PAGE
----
FCC Chairman Takes Lead From Bilirakis, Proposes Improvements to Emergency Alert System
WASHINGTON: The Wireless Emergency Alert Program is an effective communication tool used to raise community awareness of public safety emergencies, such as severe weather, a terrorist attack or endangered person. This week, Federal Communications Commission Chairman Ajit Pai proposed new rules to strengthen the program, following a suggestion made by Congressman Gus Bilirakis during a May congressional hearing. Chairman Pai’s proposal would require wireless carriers participating in the Wireless Emergency Alert program to deliver alerts in a more geographically targeted manner. As suggested by Congressman Bilirakis, geographic targeting will give more specific information to those who need it, without unnecessarily alerting and confusing others. The messages people receive will be more directly applicable to a person’s immediate surroundings.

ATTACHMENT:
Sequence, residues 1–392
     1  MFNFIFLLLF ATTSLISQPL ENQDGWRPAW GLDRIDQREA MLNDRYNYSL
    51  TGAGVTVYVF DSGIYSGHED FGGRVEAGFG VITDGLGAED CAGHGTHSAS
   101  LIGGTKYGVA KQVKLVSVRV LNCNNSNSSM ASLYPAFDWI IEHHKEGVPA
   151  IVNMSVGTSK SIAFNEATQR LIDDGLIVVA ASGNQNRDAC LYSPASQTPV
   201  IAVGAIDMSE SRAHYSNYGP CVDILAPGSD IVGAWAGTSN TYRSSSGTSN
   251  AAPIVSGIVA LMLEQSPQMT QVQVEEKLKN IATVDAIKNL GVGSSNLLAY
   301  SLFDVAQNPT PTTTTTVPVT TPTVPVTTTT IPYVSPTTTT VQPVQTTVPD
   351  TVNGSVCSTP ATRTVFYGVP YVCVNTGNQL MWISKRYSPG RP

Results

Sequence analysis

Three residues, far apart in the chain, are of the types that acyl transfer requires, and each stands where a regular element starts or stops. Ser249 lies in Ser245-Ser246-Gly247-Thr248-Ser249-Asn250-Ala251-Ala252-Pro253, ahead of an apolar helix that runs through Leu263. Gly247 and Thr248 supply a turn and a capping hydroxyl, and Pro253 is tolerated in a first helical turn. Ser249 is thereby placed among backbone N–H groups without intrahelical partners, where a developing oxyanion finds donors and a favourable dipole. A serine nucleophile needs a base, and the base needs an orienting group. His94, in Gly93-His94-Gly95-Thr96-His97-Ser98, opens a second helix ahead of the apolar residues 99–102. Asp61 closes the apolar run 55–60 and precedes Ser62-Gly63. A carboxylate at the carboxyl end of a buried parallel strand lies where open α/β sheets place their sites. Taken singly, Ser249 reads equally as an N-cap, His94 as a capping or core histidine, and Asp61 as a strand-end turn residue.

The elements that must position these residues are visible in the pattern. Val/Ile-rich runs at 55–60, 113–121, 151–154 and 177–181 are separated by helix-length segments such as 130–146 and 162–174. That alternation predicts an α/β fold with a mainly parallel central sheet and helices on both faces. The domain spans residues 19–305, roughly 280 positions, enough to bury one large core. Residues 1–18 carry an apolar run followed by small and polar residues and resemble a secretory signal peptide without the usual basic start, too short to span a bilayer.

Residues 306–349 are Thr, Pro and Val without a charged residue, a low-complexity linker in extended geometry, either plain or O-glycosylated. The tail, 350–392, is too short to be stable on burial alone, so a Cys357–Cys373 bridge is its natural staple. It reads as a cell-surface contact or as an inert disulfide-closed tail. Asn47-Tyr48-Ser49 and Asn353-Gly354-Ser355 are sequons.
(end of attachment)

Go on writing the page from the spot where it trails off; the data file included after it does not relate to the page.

“As I indicated last spring, I truly believe that continuing to strengthen the program as new innovations and technology becomes available will have a tremendous impact on the program’s success. For example, this FCC action could result in real-time road closure notifications during a coastal evacuation or the alerting of people within a targeted range of a pending child abduction. By making the information more relevant to the target audience, we can significantly increase the effectiveness of this life-saving program. I am pleased to see the Chairman take this action, and I look forward to its consideration at the FCC,” said Congressman Bilirakis.
The importance of an effective and properly functioning emergency alert system was highlighted in such an alarming way last week in Hawaii. Congressman Bilirakis is demanding an immediate review of emergency alert message deployment to include safeguards that would prevent fraudulent or accidental mass messages. “We cannot have another false alarm, like we saw in Hawaii this weekend. Spreading unnecessary panic, especially without an immediate follow-up notification of the error, does not adhere to the public safety mission,” said Congressman Bilirakis.
To listen to Congressman Bilirakis’s comments during the congressional hearing, click here.